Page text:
OpenSocial has caused quite a stir over the past week. With support from MySpace, Hi5, Ning, LinkedIn, SalesForce, Friendster and a number of other large social networks, many have wondered if OpenSocial might deal a large blow to Facebook, or if it might be something Facebook will be forced to join to keep up (something that they appear to be open to). But Facebook doesn't need to worry.Google's
The killer app for any social network is its users, not its developer API. No one joins a social network so they can rate movies, or turn their friends into zombies, or declare allegiance to their favorite sports club. The reason most people join social networks is because their friends are already there, all that other stuff just enhances their experience once they're in. Users are what make social networks go.
Things like open APIs and data portability and cross network compatibility excite pundits and developers, but most users care for only two things: a good experience (apps can certainly help here) and to be where their friends are. OpenSocial is a huge win for developers, who can now create applications or widgets for just two platforms (OpenSocial and Facebook) and have them deployed to most of the largest social networks. That means a lot less work to reach a maximum amount of people. But it's silly to think that app developers are going to shun Facebook's 50 million users if they don't join OpenSocial. It's equally silly to think that any significant portion of those 50 million users are suddenly going to defect from Facebook because popular social apps will likely be available on other networks.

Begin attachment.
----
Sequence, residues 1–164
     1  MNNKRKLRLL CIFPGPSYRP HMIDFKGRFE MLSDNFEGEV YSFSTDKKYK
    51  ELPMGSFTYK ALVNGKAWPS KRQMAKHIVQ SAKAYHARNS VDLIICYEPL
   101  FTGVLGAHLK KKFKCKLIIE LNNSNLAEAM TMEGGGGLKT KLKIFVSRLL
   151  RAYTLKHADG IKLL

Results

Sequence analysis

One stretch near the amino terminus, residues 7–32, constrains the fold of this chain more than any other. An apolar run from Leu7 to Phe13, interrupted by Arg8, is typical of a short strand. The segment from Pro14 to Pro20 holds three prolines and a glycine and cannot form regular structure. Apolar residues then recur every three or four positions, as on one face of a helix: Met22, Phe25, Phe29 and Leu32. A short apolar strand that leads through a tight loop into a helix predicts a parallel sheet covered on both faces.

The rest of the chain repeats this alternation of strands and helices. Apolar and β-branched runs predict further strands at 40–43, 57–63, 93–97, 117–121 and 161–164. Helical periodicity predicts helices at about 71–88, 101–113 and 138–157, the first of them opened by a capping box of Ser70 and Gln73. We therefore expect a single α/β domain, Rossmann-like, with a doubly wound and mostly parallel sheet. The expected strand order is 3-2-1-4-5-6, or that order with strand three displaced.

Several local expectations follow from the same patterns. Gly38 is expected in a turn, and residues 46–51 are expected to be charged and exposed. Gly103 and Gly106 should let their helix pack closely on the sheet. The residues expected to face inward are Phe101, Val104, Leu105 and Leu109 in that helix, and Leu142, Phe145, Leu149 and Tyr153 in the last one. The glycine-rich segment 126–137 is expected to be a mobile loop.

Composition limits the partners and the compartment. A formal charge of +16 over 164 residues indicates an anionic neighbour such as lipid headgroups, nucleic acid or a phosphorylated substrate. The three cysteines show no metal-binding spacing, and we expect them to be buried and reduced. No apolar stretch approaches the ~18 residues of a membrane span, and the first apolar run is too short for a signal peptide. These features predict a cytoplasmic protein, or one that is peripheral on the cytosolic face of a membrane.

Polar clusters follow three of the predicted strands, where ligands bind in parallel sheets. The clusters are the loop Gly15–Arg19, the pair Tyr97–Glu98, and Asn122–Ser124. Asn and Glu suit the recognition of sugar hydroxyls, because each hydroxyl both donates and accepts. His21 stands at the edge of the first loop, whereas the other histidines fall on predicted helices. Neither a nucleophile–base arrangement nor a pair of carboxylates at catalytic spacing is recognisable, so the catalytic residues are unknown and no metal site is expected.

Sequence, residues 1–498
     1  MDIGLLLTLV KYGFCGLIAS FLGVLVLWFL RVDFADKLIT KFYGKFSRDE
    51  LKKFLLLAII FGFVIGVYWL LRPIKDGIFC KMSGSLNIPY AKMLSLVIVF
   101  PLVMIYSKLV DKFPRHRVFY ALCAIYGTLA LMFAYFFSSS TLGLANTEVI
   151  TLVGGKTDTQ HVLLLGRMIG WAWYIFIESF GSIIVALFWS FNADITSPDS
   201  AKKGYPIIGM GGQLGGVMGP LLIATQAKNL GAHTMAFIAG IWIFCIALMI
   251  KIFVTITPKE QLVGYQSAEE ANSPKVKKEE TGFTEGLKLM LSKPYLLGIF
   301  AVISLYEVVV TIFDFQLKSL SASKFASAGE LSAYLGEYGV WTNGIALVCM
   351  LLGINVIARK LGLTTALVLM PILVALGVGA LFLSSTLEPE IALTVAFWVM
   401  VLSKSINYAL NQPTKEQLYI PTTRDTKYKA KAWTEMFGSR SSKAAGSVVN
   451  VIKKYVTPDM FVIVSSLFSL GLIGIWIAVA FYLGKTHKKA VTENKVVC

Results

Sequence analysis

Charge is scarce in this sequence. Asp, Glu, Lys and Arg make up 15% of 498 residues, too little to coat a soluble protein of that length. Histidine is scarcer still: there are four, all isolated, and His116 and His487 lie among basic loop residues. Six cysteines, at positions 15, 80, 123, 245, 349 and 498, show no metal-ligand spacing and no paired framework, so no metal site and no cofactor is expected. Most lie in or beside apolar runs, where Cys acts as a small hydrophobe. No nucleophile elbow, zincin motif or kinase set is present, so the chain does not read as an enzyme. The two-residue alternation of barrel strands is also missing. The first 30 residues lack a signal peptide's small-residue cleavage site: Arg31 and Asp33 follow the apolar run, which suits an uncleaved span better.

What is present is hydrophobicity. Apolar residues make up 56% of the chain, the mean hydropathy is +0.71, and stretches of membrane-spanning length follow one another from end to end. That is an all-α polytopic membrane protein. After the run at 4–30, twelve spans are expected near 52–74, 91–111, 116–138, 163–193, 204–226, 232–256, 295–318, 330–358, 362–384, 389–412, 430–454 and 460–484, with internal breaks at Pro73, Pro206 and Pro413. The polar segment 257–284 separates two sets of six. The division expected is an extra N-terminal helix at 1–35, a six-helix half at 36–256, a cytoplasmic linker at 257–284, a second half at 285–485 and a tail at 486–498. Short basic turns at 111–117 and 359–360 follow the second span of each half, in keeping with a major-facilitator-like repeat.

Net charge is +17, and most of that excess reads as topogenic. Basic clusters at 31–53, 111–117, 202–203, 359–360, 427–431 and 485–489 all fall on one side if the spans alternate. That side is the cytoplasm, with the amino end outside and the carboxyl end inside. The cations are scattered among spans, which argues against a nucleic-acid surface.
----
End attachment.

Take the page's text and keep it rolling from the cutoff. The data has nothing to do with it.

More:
Facebook was growing like a weed long before they announced their platform strategy, and they'll continue growing like a weed in spite of Google's OpenSocial APIs. Facebook still has the two killer features of any successful social network: users and a good experience. Nothing Google announced this week has changed that, and neither will anything Google announced allow any other social network to automatically trump Facebook in either of those areas.
The winners of OpenSocial are Google (who now has hooks into a large number of social networking sites that reach hundreds of millions of people -- whom Google surely hopes will one day be viewing Google ads), users (who now have access to social apps on networks that previously didn't have developer APIs), app developers. If there are any losers -- and I'm not sure there are -- Facebook is definitely not one.
All that said, joining OpenSocial wouldn't necessarily be a bad idea for Facebook. It might make developers happy. It might make users who maintain more than one social networking profile happy. It could potentially expose their users to new applications, and it would ensure that no killer app that everyone needs is developed for OpenSocial but not for Facebook.
Of everything that was written this weekend on OpenSocial, I'd urge you to check out Don Dodge's excellent post, which I think was one of the most clear headed analyses of the news. But what do you think? Is OpenSocial a threat to Facebook? Should Facebook join with Google or does it not matter? Leave your thoughts in the comments below.